Data Collection and Informants
This study employs a micro-sociolinguistic, qualitative approach with the semistructured interview as its data-gathering tool. The first author has previously outlined the benefit of employing a micro-sociolinguistic approach in the study of multilingualism (Verschik 2005). Research of this type compliments that undertaken in common macro-sociolinguistic approaches, as it helps produce a more nuanced picture of a phenomenon, shining a spotlight on micro-communities overlooked by macro-research and also seeking to uncover the ‘why’ to a speaker’s speech acts. This study employed semi-structured interviews to collect linguistic biographies, which is an approach to investigate the dynamics of language choice, linguistic preferences and competence in a multilingual individual (Verschik 2002).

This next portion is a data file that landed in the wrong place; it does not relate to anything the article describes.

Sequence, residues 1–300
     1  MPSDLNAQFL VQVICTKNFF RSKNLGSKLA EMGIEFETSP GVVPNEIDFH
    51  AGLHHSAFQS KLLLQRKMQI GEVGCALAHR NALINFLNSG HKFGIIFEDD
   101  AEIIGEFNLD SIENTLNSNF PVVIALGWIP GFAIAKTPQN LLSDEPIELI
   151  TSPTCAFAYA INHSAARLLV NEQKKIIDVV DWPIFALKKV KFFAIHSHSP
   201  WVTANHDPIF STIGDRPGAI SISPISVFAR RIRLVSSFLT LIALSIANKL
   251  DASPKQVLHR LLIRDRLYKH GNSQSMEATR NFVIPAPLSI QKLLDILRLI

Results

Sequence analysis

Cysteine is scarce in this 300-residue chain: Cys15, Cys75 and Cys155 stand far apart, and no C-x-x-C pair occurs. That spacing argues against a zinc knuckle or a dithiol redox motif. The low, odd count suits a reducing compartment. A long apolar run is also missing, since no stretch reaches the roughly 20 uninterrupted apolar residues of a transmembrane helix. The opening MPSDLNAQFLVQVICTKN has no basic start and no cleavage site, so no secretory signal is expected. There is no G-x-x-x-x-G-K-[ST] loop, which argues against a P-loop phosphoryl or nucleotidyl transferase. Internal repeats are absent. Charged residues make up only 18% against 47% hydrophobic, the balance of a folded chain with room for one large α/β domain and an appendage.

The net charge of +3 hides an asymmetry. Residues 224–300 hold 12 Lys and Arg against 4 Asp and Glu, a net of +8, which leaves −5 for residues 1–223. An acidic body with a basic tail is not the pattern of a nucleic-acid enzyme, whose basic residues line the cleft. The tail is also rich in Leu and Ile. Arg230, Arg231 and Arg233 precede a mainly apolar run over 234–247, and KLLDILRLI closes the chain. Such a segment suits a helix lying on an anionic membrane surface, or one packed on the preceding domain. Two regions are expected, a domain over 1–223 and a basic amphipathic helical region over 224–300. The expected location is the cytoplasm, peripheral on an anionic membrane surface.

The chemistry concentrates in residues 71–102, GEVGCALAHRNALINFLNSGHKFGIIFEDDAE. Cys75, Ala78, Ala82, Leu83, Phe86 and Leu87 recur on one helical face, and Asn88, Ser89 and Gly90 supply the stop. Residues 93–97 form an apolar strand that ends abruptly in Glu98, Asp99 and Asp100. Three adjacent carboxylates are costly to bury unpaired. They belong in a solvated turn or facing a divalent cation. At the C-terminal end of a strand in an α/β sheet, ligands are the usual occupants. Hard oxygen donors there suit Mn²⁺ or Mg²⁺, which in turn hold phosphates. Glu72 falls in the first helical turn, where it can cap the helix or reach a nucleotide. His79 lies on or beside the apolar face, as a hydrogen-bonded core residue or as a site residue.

The data were gathered by means of eight semi-structured interviews. Each informant was interviewed once in Estonian by the first named author and once in English by the second named author. This is because multilinguals are likely to produce different stories in different languages and reflect differently on their experience of growing up multilingual (Pavlenko 2007, 172). The interviews were conducted in a cafe in Tallinn, a ‘neutral’ location for both the researchers and participants, in September 2014. The participants were made aware of the research through mutual contacts, and three of them were known to one or both of the researchers prior to the study. In total, 5.7 h of interview audio were recorded and analysed. The recordings ranged in length from 30 min to 53 min, with a mean length of 43 min.